This past weekend brought the first frost to the farm. The first night the forecast was for 30 degrees and they hit it bullseye. Forecasts are tricky here in the mountains where temps can vary depending on which mountain or valley is yours and where you are situated on the slope.Read More
Fall is peeking out from behind the green leaves. Long before the oranges and reds take over, colors begin to shift from the velvet and verdant greens to summer to a shinier, more silver hue in the newly angled light. Yellow plumes of golden rod wave along the roadsides, fooling people into believing that is what is making them sneeze this time of year, but it’s not.Read More
Santa Fe Honey
I remember standing at a farmers market in Santa Fe New Mexico in front of a table lined with jars of amber and gold honey. I was surprised at how much honey the high-desert produces, given the dry scrub covering so much the hilly terrain. The bearded beekeeper in a cowboy hat explained how nearly all of what I saw as “scrub” bloomed, and the bees flourished. He was sharing samples and the tastes were spectacular.
Like the honeys in any region, the different waves of flowers throughout the seasons created different tastes, bouquets, high and low notes, like wines. “But the very favorite honey of my customers, hands down, is autumn clematis honey.” He shook his head slightly, “You can just open the jar and you smell flowers.” He closed his eyes as he said this, as if he was inhaling the scent just now. Before I had time to speak a single word he answered my next question, “I just get it in the fall and I sell out right away, so I can’t offer you any. But people are asking me if I have any the rest of the year.” That was 2010 and I’d never even contemplated keeping bees.
Sweet Autumn Clematis blooms in September and October across the Ozarks and as I drive through town I spot the big green mounds of vines on fences covered up with so small frilly flowers it looks like a blanket of white foam. It is a weedy green vine unremarkable for most of the season. Come autumn, it explodes into a starry blanket of creamy blossoms with a delicious scent. I think back to the Santa Fe honey. That trip was in 2010, before I ever contemplated keeping bees.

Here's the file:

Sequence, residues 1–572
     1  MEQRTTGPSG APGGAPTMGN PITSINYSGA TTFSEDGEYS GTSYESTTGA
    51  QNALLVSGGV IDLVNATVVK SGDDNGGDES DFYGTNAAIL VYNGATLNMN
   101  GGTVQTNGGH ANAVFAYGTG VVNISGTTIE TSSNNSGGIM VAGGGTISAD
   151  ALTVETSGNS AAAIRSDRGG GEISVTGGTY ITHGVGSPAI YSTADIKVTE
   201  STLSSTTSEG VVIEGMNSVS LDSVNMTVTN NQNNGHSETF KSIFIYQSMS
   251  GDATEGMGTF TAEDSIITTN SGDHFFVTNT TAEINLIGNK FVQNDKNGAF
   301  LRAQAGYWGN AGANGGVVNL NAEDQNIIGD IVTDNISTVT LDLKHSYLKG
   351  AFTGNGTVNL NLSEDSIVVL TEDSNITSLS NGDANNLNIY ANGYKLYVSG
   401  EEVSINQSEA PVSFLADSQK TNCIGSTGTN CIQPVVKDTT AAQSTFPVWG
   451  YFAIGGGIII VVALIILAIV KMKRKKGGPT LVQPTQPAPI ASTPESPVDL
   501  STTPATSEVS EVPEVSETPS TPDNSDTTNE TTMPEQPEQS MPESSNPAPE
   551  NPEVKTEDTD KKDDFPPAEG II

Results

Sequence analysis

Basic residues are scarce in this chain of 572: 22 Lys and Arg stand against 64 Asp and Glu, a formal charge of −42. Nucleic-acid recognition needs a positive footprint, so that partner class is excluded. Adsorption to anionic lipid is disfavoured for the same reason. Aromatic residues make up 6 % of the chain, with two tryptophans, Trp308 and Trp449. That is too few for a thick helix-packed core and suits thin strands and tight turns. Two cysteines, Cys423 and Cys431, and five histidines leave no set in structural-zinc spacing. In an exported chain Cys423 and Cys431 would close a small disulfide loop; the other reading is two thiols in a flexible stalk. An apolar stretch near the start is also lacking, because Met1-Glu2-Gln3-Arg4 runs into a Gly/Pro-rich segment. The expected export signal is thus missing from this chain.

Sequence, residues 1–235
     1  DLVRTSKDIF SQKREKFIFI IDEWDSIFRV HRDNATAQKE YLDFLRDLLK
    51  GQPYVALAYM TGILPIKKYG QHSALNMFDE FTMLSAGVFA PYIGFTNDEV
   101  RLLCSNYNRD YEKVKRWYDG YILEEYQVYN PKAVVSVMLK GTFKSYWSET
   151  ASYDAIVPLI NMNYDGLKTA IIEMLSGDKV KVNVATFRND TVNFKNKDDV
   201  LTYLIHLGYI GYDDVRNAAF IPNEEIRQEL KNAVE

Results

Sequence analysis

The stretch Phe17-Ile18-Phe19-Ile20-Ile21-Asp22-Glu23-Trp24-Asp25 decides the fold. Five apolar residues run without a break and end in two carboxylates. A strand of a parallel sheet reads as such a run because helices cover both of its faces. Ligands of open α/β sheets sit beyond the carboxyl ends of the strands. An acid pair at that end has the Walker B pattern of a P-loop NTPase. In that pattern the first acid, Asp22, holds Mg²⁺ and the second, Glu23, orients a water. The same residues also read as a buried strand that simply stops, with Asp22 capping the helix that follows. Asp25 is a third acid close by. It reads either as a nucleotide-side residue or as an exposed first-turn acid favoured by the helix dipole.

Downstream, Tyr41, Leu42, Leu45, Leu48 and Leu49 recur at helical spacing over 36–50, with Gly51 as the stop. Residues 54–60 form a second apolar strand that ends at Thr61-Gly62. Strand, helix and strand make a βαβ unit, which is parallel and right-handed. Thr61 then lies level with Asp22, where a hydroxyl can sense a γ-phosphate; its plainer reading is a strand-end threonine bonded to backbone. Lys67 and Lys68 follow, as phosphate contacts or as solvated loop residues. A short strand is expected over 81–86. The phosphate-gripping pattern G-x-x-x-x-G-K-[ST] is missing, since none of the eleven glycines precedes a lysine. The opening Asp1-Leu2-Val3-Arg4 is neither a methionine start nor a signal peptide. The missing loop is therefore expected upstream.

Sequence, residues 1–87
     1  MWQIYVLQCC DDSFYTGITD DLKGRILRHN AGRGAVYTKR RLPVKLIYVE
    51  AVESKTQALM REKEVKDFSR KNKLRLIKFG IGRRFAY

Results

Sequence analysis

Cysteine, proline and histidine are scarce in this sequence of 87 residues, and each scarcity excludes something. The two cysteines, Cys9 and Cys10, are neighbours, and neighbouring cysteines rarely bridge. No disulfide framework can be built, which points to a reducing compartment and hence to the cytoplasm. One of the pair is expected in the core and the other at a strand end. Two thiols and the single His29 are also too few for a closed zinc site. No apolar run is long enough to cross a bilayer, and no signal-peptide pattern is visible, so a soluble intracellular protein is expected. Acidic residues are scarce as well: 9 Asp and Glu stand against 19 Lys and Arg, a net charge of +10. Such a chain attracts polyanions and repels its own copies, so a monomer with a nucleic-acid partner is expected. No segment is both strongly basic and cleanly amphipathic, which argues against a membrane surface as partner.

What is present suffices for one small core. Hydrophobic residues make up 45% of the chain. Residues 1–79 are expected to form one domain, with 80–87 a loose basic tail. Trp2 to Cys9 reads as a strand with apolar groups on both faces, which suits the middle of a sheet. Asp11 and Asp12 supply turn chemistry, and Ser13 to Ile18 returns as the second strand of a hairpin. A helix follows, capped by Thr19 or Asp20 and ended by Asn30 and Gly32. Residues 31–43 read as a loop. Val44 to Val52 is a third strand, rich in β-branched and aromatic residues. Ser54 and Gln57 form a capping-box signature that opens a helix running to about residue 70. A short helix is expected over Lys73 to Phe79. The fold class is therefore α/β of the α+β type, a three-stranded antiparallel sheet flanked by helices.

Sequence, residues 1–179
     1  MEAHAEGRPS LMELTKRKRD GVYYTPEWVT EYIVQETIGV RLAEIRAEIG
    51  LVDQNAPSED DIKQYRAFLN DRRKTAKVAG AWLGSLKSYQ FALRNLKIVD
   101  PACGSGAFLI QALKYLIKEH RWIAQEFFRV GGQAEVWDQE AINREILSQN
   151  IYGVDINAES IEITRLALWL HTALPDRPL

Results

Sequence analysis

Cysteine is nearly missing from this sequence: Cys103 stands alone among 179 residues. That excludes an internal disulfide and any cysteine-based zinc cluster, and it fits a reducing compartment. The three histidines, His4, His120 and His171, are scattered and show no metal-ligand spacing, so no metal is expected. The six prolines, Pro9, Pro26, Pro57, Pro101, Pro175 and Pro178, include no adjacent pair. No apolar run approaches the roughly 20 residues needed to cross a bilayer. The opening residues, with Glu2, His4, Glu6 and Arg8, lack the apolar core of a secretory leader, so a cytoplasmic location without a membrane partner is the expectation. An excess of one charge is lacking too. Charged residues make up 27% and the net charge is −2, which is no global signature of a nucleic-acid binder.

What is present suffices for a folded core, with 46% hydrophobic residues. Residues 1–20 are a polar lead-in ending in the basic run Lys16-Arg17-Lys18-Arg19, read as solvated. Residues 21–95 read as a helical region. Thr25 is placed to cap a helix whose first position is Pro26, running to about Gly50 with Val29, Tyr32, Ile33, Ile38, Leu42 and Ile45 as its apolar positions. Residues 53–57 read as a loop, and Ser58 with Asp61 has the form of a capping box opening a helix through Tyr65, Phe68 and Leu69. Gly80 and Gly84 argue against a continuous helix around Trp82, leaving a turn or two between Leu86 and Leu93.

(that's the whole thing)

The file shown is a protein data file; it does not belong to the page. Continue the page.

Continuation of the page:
These days I look for good things to plant for my bees. I looked up Autumn Clematis only to find that is not native to the US can be invasive/opportunistic in some climates and I’m not really sure if it is a problem in the Ozarks. But then there’s Virgin’s Bower (Clematis virginiana) also called woodbine, which is less showy but native. The native variety has an added bonus of being good for songbird food and nesting materials, though I’ll have to find a special spot to plant it given that it loves a moist setting…. But this is all part of the pleasant mental wrangling gardeners engage in for fun when it’s too cold or wet to dig.
But the thought of new plantings immediately runs into another, one that says I may not be here to see it. By the time it blooms I may be breaking new ground yet again on the home we hope to find when we move back to the Blue Ridge Mountains in the next year.
Ahhh, the gardener’s quandary: If you know you are going to be in a place a relatively short time, do you bother to plant things you will likely never get to see fully grown, or bearing fruits or flowers or shade?
I once read a story about a Quaker gardener, a woman, who lived in a town about to be invaded by German troops in World War II. At least that’s the way I remember the story began. Just before she left her home to escape to a neighboring country, she was planting seeds in her vegetable garden. I don’t remember what. Neighbors thought she was crazy to be planting just before leaving and said, ‘You won’t be here to eat it!’ Her answer something like ‘Whoever lives in this house next, they will need to eat.’
Oh those beautiful Quakers. This story has stuck with me for decades, the compassion of this woman willing to plant food she would never eat. Another way I’ve heard this belief is that ‘true wisdom lies in planting trees even if you will never live long enough to sit in their shade.’ It’s very hard to remember to lift up my attention from my wants, wishes and worries and to think of this land going on into the future without me. But when I do, it feels right. And oddly, I feel better—lighter—about how long I will be here. As a hospice nurse, I can’t help but note the larger echo of that realization.
So let me plant more stuff I may or may not be here to see bloom. If only for the reason that when the wash of white frilly flowers appears in some future autumn, bees will arrive at each bloom. There will be nectar for them.Are there any quotes or stories that inspire your gardening? I’d love to hear them if you leave a comment (look above or below this post for the “comments” link – the position varies depending on how you are reading this). Also, if anyone knows the source of the Quaker gardener story, I would love to find it again. Special thanks to www.beautifulwildlifegarden.com for some of my favorite online reading. —A Larrapin Garden. Where posts may be boom or bust depending on the season. If you subscribe here you’ll get one weekly email with selected posts. You are also invited to get related miscellany wherever you like to ramble online: Facebook [brand new page…needs your “like”] | Twitter |Pinterest | Instagram. Read More
The mound of basil spread on a magenta towel on top of the washing-machine is starting to wilt. Last night leaves stood up from the stems, crisp and fleshy at the same time, like a cat’s ear. This morning it is a soft, pungent pile. I pick up the bundle and turn the whole thing over, fluffing the leaves apart. A cloud of verdant scent rises as if summer exhaled. My hands now carry the spicy odor, even typing this later, sharp and earthy at the same time. The leaves need to lose a little more water to the room air before I put them in the herb dehydrator. Otherwise it will take days to dry completely—as it must be to get crumbled and funneled into the bottle labeled Basil.